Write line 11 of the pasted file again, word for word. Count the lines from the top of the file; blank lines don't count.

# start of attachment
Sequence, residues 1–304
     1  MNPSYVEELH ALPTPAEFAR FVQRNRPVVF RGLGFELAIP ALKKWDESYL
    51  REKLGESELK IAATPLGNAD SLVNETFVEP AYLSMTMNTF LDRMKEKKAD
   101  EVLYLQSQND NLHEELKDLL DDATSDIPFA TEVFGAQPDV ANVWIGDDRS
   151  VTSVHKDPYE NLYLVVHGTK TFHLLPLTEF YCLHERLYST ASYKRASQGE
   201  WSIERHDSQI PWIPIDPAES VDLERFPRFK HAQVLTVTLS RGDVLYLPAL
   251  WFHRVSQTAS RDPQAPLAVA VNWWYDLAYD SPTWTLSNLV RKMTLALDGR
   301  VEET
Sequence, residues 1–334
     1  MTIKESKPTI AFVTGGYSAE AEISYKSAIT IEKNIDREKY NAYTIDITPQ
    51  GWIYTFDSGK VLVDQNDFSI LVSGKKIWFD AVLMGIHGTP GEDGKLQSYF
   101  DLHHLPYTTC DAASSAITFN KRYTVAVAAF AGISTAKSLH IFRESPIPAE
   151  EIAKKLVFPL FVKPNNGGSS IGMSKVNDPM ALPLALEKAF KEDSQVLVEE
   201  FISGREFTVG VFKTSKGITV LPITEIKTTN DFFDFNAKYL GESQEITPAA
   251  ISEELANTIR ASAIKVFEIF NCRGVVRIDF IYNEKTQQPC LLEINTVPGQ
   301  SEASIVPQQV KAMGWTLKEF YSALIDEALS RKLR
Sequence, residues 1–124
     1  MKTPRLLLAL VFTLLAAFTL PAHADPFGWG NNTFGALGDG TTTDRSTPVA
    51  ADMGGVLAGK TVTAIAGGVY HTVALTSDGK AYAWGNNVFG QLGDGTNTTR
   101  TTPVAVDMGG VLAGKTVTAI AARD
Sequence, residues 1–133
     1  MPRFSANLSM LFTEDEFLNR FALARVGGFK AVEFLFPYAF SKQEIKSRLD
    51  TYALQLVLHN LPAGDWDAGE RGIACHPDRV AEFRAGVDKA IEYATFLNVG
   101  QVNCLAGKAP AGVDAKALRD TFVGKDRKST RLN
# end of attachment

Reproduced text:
    51  GWIYTFDSGK VLVDQNDFSI LVSGKKIWFD AVLMGIHGTP GEDGKLQSYF